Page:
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Old 26-09-2010, 16:25   #16
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Factor..I've looked online at the Seawinds..but do not like the open back. However, I really appreciate the affirmation that a mid-30 foot boat with outboards are out there and comfortable
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Old 26-09-2010, 16:26   #17
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I fully agree that Outboards are suitable for cruising multihulls.
However you can't just hang them over the back of a cat. the boat has to be designed for outboards or pods made which are more central.
I put extra long shafts on mine.

I have a 39 ft trimaran which is a motor/sailor 2 X two stroke outboards but for economy usually only run one motor at a time.
I like the fact that I can lift the props clear of the water.
That outboards are lighter.
They are considerably cheaper.
No interior diesel smell.

I went for two stokes rather than four strokes, again for cost reasons and the ability to make easy repairs.
I have been told that if you run the two stokes at between 3500 - 4,500 revs the motors only use 10% more fuel than a four stroke.

I do not consider storing gasoline a problem on a boat HOWEVER I would not have an inboard gasoline motor for safety reasons.
I have two 200 watt solar panels and a Kipor 2kva generator, Gas for hot water and for cooking
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Old 26-09-2010, 16:40   #18
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beau,

I am a two-stroker also. With powertrain management controllers nowaday, direct injection...the added weight savings...almost as clean (exhaust) as 4-strokes..less maintenance (no valves to adjust).

You may not just be able to hang them on the back, but on the back transom it can be done..depending on the rear layout. I'm not a fluent boat individual when it comes to what the devices are called, but a outboard mounting system that swings out and down to lower the unit inot the water is what I've seen. Of course the longer lower-end shaft is a must.
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Old 26-09-2010, 17:01   #19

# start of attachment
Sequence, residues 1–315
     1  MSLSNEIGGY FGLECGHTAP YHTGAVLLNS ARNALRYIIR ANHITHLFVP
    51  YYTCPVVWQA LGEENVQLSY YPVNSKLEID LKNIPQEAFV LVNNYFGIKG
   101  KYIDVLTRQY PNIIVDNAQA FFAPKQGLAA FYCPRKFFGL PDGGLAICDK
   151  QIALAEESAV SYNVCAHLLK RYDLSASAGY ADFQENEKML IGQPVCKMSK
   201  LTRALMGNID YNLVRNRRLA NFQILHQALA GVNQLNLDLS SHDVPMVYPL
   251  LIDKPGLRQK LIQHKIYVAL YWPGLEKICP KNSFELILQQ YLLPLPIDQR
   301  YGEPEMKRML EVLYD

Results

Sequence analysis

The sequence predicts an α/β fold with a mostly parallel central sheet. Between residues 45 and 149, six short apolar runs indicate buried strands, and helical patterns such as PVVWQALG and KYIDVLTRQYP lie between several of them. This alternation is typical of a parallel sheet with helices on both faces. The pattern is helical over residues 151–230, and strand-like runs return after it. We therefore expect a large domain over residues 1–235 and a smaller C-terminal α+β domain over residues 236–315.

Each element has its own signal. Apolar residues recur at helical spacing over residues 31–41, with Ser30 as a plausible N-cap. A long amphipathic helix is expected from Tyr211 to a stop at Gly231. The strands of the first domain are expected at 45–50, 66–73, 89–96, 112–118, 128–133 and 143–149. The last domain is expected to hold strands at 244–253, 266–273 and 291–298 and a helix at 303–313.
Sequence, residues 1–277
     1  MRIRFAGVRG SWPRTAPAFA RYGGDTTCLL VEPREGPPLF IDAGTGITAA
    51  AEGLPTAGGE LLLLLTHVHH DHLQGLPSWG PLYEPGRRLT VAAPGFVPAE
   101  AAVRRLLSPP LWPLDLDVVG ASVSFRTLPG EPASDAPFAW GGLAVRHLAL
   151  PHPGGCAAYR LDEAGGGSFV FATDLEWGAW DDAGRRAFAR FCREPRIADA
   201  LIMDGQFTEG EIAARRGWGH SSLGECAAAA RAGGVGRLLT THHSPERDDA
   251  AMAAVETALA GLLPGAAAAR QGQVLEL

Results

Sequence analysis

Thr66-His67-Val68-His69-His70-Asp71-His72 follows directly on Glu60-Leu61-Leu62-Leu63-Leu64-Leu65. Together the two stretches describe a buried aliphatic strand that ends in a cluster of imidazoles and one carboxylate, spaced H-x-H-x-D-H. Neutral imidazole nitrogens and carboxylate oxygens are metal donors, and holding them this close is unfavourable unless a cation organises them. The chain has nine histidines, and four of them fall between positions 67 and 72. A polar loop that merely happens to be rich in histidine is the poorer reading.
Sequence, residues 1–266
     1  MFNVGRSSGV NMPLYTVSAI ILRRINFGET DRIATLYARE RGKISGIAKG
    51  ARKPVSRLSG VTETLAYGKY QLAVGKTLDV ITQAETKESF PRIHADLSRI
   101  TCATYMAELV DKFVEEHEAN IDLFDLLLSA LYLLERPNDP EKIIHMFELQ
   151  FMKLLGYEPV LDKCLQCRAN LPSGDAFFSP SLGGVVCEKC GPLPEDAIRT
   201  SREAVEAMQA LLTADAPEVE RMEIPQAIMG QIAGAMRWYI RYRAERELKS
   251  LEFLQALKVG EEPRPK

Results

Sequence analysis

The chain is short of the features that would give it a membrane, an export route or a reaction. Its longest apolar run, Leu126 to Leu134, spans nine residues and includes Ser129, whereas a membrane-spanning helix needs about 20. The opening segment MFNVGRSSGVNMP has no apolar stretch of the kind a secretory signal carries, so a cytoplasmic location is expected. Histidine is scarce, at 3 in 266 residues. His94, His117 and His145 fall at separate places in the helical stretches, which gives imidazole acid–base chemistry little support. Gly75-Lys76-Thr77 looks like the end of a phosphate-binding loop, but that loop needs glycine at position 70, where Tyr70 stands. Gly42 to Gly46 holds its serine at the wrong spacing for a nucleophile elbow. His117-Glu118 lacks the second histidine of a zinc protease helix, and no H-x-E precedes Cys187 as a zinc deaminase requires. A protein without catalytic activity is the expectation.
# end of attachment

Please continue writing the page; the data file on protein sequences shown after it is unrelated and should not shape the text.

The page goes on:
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PDQ mounted the outboards 65% aft, for the absolute minimum aeration. I have heard mine cavitate, but one or both hulls were pretty much airborn at the time!

The two stroke is dead in the US for small engines. For larger engines the injected two strokes are heavier than 4 strokes, or they cost more!

As far as I know, the PDQ 36 was the biggest outboard equipped cruising cat in production, but there are several One-offs, and some kit boats currently available.
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Old 26-09-2010, 17:07   #20
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Quote:
Originally Posted by sandy daugherty View Post
The two stroke is dead in the US for small engines. For larger engines the injected two strokes are heavier than 4 strokes, or they cost more!
I take it you say dead for small due to emissions. For the larger my last boat had a Mercruiser Optimax 150 two-stroke that was lighter and cheaper than a comparable Yamaha 4 stroke ???
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Old 26-09-2010, 17:37   #21
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One other small point in favor of outboards on smaller cats -- often your homeowners insurance will extend liability coverage to any boat you own with a motor of less than 25 HP (in the case of our insurer). I mentioned this to a friend last winter who sails a 33-foot cat and his eyes lit up.
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Old 26-09-2010, 17:38   #22
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I should amend that post to say: I think the coverage is for bots with outboards only, not inboards -- though I would have to go re-read my policy. . . .
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Old 26-09-2010, 17:43   #23